Disorganization of speech or behavior: Disorganized speech patterns such as incoherence, flight of ideas, word salad, and frequent derailment may be clinical signs that illustrate the thinking and cognitive problems present in schizophrenia. Basically, what comes out of the person’s mouth doesn’t make sense. Disorganized behavior can also be a symptom.
Problems with activities of daily living (ADL): Schizophrenia can affect the ability of the affected person to do routine everyday tasks, to hold down a job, to engage socially with peers and colleagues, and to be in a relationship. As the condition continues, it negatively impacts the patient and leads to a downward social drift.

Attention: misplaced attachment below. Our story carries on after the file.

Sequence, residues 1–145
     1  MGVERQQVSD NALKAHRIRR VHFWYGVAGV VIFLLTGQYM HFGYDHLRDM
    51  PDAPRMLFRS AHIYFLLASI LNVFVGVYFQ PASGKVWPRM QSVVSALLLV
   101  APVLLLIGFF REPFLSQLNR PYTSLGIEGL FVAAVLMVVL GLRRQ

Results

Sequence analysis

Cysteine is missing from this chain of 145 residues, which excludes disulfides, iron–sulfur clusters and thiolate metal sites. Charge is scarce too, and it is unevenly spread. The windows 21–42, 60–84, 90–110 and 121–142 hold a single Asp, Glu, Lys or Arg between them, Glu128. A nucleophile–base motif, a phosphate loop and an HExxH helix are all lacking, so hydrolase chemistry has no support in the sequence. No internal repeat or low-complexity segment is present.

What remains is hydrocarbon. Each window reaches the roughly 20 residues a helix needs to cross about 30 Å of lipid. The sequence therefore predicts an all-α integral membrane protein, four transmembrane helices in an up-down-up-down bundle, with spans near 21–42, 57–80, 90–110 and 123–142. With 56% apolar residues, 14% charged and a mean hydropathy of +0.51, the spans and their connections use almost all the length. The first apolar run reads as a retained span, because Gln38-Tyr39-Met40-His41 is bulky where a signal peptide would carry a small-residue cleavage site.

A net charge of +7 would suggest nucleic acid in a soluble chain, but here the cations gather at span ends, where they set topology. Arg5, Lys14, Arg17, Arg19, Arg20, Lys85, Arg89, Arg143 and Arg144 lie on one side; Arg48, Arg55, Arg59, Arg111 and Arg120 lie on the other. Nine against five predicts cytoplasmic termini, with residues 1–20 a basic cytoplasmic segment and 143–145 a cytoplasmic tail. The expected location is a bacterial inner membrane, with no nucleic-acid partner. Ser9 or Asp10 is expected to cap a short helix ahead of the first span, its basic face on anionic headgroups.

Negative symptoms: Negative symptoms can include lack of motivation, social withdrawal, and diminished affective responsiveness, speech, and movement. People with catatonic schizophrenia, for examples, can exist in an almost permanent stupor.
How to treat schizophrenia
In addition to behavioral or cognitive therapy, the use of antipsychotic medications is inherent in the treatment of schizophrenia. In general, antipsychotics may be typical or atypical. The typical meds are used sparingly in deference to the newer atypical antipsychotics. Here are the main side effects you should know:
Typical antipsychotics: Typical antipsychotics, such as haloperidol and thioridazine, are called typical because of the extrapyramidal side effects associated with them. These side effects occur when you block the dopamine receptors in the brain. A common example of an extrapyramidal side effect is tardive dyskinesia, or lip-smacking. For test-taking purposes, you should be familiar with the side effects of these commonly prescribed medications.